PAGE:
In the French National Assembly, the NUPES coalition enabled Europe Écologie Les Verts (EELV) to obtain 23 seats, allowing it to make a comeback in the National Assembly after a gap between 2017 and 2022 when there was no group representing this party. While the National Rally (far right) already had just under 10 seats between 2017 and 2022, the breakthrough in June 2022 allows the party to be fully represented in the National Assembly and to have a group.
In Hungary, the far-right party “Our Homeland,” founded by dissidents of Jobbik, a former ultranationalist party but which has made its aggiornamento towards the conservative right, and which then guided the coalition of the United Opposition against Viktor Orban, entered the Hungarian Parliament winning 6 seats.
Finally, in Portugal where early elections were held following the collapse of the left-wing coalition, the center-right Popular Party, which held 5 seats, lost its representation in the Portuguese Parliament, dropping from just under 5% to 1.60%.
In Northern Ireland, the Green Party, which does not take a position on the institutional future of Northern Ireland, lost its 2 seats and joined the extra-parliamentary opposition. The party had had seats in the Northern Ireland Parliament since 2007. Between 2016 and 2022, the party obtained between 16,000 and 18,000 votes without making any progress.
Ciudadanos (center-right) continues its process of disappearance from the Spanish political scene, but manages to save a meager representation in the regional parliament of Castilla y León, going down from 12 seats to 1. The party for the defense of the interests of rural Spain, “Empty Spain,” obtained 3 seats and entered the regional parliament.
Finally, in Schleswig-Holstein, the far-right Alternative for Germany (AFD) party leaves the regional parliament, losing its 5 seats acquired in the 2017 elections.
In the period covered by this issue, the average voter turnout decreased. This trend affected several crucial elections, despite Europe facing major crises.
In France, two major elections took place between April and June 2022: the presidential election on April 10 and 24, and the legislative election on June 12 and 19.
The two rounds of the presidential election attracted fewer voters than in 2017. There was a -4.08 pp drop for the first round compared to the last election, and a -2.57 pp drop for the second round. As the war in Ukraine began, incumbent President Emmanuel Macron ran a relatively low-key campaign, and there were fewer public debates between candidates. This produced a form of ‘non-campaigning’ which was abundantly discussed in the French media.
As regards the legislative election, no clear trend emerges. Turnout was down -1.19 pp in the first round compared to the 2017 election, but up 3.59 pp in the second round. However, turnout remains very low, below 50%.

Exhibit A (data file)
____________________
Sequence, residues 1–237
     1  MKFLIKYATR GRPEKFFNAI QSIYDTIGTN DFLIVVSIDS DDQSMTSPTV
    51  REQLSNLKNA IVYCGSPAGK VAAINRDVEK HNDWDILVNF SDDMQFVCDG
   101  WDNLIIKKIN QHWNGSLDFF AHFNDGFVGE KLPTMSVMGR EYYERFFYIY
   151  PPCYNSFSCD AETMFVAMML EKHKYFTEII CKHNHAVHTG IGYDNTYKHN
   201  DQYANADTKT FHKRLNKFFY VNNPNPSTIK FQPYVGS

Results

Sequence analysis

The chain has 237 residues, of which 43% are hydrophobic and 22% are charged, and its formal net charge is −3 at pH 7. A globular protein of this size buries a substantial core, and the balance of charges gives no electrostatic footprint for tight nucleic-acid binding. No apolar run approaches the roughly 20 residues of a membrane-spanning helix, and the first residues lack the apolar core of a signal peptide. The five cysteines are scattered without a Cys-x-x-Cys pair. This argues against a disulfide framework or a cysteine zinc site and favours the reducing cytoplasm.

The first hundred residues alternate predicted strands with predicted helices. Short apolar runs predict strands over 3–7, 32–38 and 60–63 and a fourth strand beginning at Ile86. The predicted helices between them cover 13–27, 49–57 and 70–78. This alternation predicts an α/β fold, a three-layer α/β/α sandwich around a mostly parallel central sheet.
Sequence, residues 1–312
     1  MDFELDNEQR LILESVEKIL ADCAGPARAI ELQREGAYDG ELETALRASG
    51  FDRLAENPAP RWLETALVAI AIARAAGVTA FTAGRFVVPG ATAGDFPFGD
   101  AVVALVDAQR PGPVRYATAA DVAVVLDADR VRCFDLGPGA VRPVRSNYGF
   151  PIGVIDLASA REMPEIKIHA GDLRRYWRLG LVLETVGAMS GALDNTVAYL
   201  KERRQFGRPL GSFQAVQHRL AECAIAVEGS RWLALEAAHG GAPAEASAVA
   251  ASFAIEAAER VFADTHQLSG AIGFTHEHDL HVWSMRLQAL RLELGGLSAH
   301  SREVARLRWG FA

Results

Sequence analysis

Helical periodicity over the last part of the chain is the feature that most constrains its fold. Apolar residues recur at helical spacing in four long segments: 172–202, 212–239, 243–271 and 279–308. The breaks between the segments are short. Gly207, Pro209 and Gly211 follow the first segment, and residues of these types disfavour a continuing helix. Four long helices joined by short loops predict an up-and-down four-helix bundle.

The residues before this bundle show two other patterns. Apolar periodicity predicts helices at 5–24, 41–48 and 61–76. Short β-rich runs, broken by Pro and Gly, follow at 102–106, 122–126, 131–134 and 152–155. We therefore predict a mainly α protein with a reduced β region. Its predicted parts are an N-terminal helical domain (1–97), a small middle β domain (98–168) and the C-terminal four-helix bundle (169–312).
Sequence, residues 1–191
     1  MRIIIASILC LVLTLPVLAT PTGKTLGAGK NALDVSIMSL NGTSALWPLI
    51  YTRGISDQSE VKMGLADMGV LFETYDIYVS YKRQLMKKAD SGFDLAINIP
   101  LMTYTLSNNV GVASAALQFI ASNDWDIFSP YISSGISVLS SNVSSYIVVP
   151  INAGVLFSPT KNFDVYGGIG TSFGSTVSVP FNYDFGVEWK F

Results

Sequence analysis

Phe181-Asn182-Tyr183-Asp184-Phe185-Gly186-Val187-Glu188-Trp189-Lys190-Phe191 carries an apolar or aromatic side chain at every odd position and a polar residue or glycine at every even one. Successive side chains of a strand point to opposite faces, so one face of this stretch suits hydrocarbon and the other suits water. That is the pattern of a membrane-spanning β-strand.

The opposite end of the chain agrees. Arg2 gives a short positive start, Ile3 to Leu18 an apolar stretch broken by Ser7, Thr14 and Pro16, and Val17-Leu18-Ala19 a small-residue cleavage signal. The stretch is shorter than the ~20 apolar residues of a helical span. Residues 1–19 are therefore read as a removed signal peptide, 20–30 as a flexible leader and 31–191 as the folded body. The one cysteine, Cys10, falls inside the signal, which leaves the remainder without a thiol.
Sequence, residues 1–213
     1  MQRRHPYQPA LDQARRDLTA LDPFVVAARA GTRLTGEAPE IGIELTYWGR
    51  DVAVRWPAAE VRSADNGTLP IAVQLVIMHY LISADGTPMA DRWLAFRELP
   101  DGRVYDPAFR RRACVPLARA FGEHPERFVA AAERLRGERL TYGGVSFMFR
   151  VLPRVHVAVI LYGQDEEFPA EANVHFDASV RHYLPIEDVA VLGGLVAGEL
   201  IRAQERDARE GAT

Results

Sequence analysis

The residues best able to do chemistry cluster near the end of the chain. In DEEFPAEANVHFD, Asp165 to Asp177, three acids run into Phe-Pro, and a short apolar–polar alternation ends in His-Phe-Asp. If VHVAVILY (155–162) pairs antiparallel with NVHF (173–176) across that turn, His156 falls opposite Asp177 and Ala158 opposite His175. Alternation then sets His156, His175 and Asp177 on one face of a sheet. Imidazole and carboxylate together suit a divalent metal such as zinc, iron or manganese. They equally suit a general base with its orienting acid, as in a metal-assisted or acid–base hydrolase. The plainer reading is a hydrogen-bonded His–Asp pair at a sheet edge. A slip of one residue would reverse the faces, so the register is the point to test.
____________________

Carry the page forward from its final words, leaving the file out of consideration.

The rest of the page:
In Portugal, an early parliamentary election was held after the Left Bloc (BE) and the Unitary Democratic Coalition (including the Greens and the Portuguese Communist Party) withdrew their non-participatory support for António Costa’s Socialist government. The turnout in this crucial general election increased slightly compared to 2019, exceeding the symbolic threshold of 50%: it gained +2.85 pp from 48.57% to 51.42%.
In Hungary, turnout remained stable at 69% as Victor Orbán succeeded in mobilizing his electorate, in particular by organizing, on the same day, a referendum on issues of sexual education, officially aimed at ending the alleged “promotion of homosexuality and transidentity” in Hungarian schools.
In Malta, despite a well above-average turnout in a European comparison (85.44%), voter mobilization decreased. The March 26, 2022 election saw the lowest turnout since 1955, down 6.62 pp from the 2017 election.
In Germany, three regional elections were held between March and May 2022.
In Saarland, Germany’s smallest state, an election was held on March 27, 2022. Turnout dropped by more than 8 points (-8.34 pp) compared to the previous election in 2017.
In Schleswig-Holstein, an election was held on May 8, 2022. Turnout was also lower than in the previous election, falling below the 50% mark as it declined by more than 8 points (-8.76 pp).
In North Rhine-Westphalia (NRW), an election was held on May 15, 2022. NRW is the state where turnout fell most sharply, losing more than 10 points (-10.62 pp).
The election renewing the Northern Ireland Assembly saw for the first time the Republican and Irish nationalist party Sinn Féin come out on top, in a context where participation remained relatively stable, falling by only -1.17 pp.
In Finland, the first elections for the new regional councils were held on January 23, 2022. Less than half of all voters turned out to vote (47.53%).
Finally, municipal elections were held in the Netherlands. The turnout was historically low, at just over 50%, whereas figures in previous elections were usually around 55%. The large parties dominating the Dutch political scene (VVD, CDA, and the Socialist Party) have seen a considerable decline in their vote shares, with more local parties gaining ground.
In contrast to this general trend, two elections showed a significant increase in turnout, in Slovenia and Castilla y León.
In the Slovenian parliamentary elections, turnout rose by 18.33 pp, from 52.63% to 70.96%. Robert Golob, head of the new center-left political party “Freedom” (RE), won the election, while the Slovenian right (SDS) lost its government majority.